Admiral of the Pivot

Several weeks ago I had the opportunity to meet Admiral Sam Locklear, head of the United States Pacific Command. The largest of the several US military commands, the Pacific Command stretches from California to India, Alaska to the Antarctica.

Locklear provided some depth to the so-called “pivot to Asia” policy announced by US President Barack Obama and now expected to be the cornerstone of his foreign policy in the new term. Locklear will, in many ways, be the main US military officer to implement the pivot.

Locklear noted that the US military had been involved “in the past decade in two challenging wars directed in the West Asia area.” The US leadership had then taken time to stop and say “let’s reset and find our new priorities.” After a careful look, the president and the US leadership concluded that the priority for the US future lay in the Asia Pacific. It is a focus that Locklear said could be there for six to seven decades.

The pivot to Asia policy was more than just about the 60-40 repositioning of US military capability towards the Pacific which, as senior Indian officials have pointed out, would require only the movement of one carrier task force into the region.

One is that the US pivot would require restructuring of its power within the Asia Pacific.

“Our present layout is World War II based, with a concentration in Northeast Asia,” said Locklear. “Globalisation has changed our concerns to encompass such things as sea lanes of communication, cybersecurity, terrorism and so on.” In other words, there will be pivots within the pivot.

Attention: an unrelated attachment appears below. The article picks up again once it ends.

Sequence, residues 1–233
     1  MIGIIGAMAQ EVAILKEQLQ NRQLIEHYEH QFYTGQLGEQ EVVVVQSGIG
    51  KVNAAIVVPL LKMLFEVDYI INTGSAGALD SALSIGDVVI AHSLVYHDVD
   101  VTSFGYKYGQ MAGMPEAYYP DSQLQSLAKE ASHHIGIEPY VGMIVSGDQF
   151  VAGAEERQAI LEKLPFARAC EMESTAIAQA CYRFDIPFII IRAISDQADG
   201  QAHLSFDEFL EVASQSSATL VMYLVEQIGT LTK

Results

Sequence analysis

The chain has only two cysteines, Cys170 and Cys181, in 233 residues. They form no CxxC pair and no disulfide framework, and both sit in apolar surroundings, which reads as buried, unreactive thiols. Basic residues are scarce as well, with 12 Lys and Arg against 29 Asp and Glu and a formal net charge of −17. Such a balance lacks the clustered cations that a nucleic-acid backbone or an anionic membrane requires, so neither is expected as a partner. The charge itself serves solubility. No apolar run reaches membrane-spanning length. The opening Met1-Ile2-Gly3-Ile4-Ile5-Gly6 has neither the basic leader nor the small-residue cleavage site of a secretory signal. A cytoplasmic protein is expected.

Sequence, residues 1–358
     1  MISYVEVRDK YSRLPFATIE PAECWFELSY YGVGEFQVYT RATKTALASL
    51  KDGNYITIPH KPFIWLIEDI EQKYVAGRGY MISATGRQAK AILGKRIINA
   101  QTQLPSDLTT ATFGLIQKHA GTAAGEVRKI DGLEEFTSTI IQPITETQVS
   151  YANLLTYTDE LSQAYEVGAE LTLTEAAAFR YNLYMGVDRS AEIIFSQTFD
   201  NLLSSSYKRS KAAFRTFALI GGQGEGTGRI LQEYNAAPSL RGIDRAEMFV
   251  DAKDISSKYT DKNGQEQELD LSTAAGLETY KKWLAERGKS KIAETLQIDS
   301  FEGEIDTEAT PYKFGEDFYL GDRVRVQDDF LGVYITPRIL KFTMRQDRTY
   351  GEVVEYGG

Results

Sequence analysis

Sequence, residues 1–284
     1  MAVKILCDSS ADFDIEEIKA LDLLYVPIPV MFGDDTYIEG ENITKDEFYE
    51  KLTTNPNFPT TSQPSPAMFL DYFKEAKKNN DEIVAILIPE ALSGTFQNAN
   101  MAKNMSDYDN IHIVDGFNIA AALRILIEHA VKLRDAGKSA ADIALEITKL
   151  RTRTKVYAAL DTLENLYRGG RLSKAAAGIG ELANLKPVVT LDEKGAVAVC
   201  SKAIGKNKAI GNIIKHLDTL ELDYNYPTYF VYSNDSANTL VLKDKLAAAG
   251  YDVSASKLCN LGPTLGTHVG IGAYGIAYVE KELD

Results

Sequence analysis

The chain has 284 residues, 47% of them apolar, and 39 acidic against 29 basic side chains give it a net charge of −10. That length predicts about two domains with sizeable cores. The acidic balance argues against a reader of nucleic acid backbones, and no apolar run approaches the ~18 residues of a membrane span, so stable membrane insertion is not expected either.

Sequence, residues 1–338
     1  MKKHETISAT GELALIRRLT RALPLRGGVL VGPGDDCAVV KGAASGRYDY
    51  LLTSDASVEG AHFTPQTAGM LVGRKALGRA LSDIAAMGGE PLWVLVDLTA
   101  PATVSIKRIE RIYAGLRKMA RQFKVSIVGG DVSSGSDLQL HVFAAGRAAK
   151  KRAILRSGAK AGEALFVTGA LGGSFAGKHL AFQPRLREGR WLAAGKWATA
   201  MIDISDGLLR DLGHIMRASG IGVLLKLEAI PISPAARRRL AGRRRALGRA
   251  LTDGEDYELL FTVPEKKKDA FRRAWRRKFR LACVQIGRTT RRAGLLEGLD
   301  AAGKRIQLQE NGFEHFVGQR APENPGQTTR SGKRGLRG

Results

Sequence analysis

Two, the US pivot was about more than just military firepower.

“I want to reemphasize that the balance is not just military. We will also see a marked rise in the diplomatic contact of the US with this part of the world. The recent visits of Tim Geitner and Ben Bernanke are part of the totality of what we are trying to accomplish here,” he said. The rebalance to the Pacific is more than military, it encompasses diplomacy and information strategies, a broad range of signals.

Three, the US wanted to reinforce its existing alliances in Asia but also develop new relationships that it had, among the more notable ones being India.

“The last few decades have been among the most productive when it comes to the Indo-US relationship,” said Locklear. US and Indian interests align in a whole set of areas including counterterrorism, humanitarian assistance and areas like maritime domain security which helps ensure the free flow of goods and services and energy supplies.

“China of course is an area of common interest,” he said. He wasn’t surprised at the continuing island disputes that China was having and saw them as flowing from the rise of China’s economic and military influence. “The question is how as a global community we allow China to emerge and ensure it is a productive member of the international system.” This is common to the US and India, Locklear noted. “China has to make choices. We have to let China to mature in a secure environment so that it becomes a constructive part of the region,” he said. “Otherwise, the alternative is not pleasant.”